LATE ONE AFTERNOON in July 1987, the front door to our house in San Jose, Costa Rica, suddenly burst open. A half-dozen local narcotics agents, wearing blue jeans and gold chains, charged in, dragging in tow our hysterical secretary, Carmen Araya.
The agents ransacked file drawers in our ground-floor office and then tore through the rest of the house, looking for drugs. They found none. No matter, they said, they already had the "smoking gun." They produced a brown paper package addressed to us, with a return address from the Interior Ministry in Nicaragua. The package contained a letter signed "Tomas" and a book whose center had been hollowed out. A small plastic packet filled with white powder was inserted in the space. High-quality cocaine, the agents informed us.
Through tears, Carmen explained that after collecting our mail at the post office, she was seized by narcotics agents waiting outside, thrown into a car, and taken to a judge's chambers. There the package was ceremoniously opened, and the cocaine "discovered."
The letter, supposedly from the Sandinistas' interior minister. Tomas Borge, described a cocaine trafficking network involving my husband, Tony Avirgan, and me, several top Nicaraguan government officials, the Soviet Ambassador to Costa Rica, and Sen. John Kerry, a Massachusetts Democrat. The next day, right-wing newspapers throughout Central America ran identical articles, headlined: "Two journalists arrested as drug traffickers."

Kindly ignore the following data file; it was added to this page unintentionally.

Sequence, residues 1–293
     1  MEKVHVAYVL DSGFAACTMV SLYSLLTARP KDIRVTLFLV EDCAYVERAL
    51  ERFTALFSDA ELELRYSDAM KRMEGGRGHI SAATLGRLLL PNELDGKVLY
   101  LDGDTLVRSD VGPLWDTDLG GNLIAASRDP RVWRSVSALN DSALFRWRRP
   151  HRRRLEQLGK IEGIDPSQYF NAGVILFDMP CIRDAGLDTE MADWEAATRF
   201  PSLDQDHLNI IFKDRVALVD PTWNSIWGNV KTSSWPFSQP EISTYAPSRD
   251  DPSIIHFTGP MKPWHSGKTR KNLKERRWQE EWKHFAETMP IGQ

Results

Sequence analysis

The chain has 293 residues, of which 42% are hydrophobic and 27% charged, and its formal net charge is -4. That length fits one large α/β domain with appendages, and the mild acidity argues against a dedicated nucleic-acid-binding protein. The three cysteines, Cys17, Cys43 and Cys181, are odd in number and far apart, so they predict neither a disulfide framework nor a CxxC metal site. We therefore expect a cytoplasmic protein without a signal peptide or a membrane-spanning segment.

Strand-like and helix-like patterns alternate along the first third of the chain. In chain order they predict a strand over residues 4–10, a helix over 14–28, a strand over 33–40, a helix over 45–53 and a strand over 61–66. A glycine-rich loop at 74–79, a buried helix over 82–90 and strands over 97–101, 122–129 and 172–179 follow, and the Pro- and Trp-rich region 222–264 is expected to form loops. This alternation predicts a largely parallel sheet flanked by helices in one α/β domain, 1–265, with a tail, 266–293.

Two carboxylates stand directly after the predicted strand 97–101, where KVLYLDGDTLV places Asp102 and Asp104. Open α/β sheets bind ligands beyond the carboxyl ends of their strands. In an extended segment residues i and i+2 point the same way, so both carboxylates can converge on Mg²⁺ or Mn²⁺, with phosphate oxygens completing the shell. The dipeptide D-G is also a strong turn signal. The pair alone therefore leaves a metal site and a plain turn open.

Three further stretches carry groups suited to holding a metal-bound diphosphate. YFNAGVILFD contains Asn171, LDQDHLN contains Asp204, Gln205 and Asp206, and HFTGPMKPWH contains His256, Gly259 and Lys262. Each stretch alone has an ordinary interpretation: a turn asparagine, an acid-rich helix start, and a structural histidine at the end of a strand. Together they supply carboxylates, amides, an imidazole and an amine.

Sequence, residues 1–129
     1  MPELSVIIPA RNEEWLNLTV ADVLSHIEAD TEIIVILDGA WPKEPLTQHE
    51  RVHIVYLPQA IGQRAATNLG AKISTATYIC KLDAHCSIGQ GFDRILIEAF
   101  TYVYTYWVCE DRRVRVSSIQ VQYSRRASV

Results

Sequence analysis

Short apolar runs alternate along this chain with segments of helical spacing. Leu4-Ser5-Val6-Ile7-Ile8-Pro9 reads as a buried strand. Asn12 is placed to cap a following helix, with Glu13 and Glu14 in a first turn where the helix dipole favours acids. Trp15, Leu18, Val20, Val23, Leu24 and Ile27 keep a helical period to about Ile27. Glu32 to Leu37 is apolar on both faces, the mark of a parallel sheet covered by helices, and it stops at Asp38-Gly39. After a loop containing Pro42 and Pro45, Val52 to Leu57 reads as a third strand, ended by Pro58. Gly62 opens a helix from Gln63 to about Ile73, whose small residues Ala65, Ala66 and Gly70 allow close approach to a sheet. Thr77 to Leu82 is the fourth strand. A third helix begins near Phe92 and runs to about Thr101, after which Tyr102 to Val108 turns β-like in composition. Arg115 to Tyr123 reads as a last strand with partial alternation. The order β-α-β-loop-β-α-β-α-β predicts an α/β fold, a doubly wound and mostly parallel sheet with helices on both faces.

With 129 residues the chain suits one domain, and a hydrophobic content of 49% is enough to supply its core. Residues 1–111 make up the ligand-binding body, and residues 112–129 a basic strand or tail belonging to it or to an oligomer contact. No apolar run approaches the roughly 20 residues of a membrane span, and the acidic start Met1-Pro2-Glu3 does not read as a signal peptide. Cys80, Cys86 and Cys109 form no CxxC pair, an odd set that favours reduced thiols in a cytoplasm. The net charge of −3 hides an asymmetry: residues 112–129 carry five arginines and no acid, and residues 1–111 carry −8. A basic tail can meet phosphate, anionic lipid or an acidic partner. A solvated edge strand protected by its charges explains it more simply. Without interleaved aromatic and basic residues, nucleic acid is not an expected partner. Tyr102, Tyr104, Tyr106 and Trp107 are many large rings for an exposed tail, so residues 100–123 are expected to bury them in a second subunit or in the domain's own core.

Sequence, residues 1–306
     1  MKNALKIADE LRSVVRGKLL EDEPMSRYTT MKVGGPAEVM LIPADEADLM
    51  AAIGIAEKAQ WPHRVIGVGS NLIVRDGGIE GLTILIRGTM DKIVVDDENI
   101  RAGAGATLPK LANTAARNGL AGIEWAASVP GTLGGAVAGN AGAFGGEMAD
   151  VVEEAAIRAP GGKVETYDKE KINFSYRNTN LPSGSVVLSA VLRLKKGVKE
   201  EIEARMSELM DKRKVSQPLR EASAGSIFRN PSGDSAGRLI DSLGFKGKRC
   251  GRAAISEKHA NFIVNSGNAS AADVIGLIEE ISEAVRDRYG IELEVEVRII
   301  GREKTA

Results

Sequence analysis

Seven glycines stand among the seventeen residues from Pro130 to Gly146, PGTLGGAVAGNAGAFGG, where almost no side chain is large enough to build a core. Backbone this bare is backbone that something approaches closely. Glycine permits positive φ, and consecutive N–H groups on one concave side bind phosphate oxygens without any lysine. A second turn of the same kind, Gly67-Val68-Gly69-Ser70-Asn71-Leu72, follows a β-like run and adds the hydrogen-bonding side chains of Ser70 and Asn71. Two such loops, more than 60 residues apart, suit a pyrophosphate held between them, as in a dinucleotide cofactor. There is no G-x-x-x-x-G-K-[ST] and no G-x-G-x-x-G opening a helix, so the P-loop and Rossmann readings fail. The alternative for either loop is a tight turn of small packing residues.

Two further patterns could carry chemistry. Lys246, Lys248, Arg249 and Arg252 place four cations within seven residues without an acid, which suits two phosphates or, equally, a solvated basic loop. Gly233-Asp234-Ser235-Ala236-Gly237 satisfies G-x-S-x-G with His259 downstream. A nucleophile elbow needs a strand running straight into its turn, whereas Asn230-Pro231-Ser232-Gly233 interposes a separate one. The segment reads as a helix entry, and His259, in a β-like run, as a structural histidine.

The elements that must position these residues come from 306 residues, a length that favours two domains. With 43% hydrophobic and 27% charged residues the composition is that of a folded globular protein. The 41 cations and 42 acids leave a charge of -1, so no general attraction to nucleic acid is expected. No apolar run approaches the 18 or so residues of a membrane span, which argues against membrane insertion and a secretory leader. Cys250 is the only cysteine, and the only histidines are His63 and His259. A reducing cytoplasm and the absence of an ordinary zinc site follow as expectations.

The charges were embarrassing and absurd, but it took us a year and a half and a good Costa Rican lawyer to get them dismissed.
Eventually we unraveled the truth. Postal workers said that the package had been inserted into the system in San Jose and that narcotics agents had cooled their heels for days waiting for one of us to collect it. The scheme had been cooked up over lunch by two Cuban Americans. A house servant for one of the men overheard the pair hatching the plot with the aim of forcing us to stop investigating the connection between the CIA, the contras, and Colombian cocaine traffickers.
We already knew a lot about this - the CIA-contra-cocaine triangle as well as about this Cuban-American duo. One of the men, a Bay of Pigs veteran, was listed as a "narcotrafficker" in Interpol's drug registry. The other, a convicted drug trafficker, had come to Costa Rica posing as a contra military trainer. Contra commanders said this man worked for the CIA. Both men claimed to be well connected in Washington, and later, both of their names showed up in Oliver North's diaries as players in Washington's covert war against the leftist Sandinistas.
The Cuban Americans had included John Kerry's name in the "Tomas" letter because he was spearheading a Senate investigation into contra- and CIA-linked drug trafficking. Over the course of the three-year probe, Kerry's staff ran into numerous other obstacles, as Kerry's chief investigator, Washington lawyer Jack Blum, testified during a recent Senate hearing. "We were subject to a systematic campaign to discredit everything we did," he said.
The 1989 Senate report, "Drugs, Law Enforcement and Foreign Policy," concluded that "senior U.S. officials were not immune to the idea that drug money was the perfect solution to the contras' funding problems." The Kerry Report, as it was known, painted a devastatingly detailed picture of a complex web linking U.S. officials, contra leaders, Panamanian strongman Gen. Manuel Noriega, a string of aviation companies in Miami and Central America, pilots, banks, drug traffickers, top Colombian drug lords and the contras' U.S., Cuban American and Latin American supporters.
It was this same web that my husband and I also, inadvertently, stumbled upon. We had been investigating the CIA's covert war against Nicaragua and the May 1984 bombing of a contra press conference which injured my husband and killed three journalists. Terrorism and covert operations were risky enough. We kept pushing away evidence of drug trafficking by the CIA's army. But it kept coming back.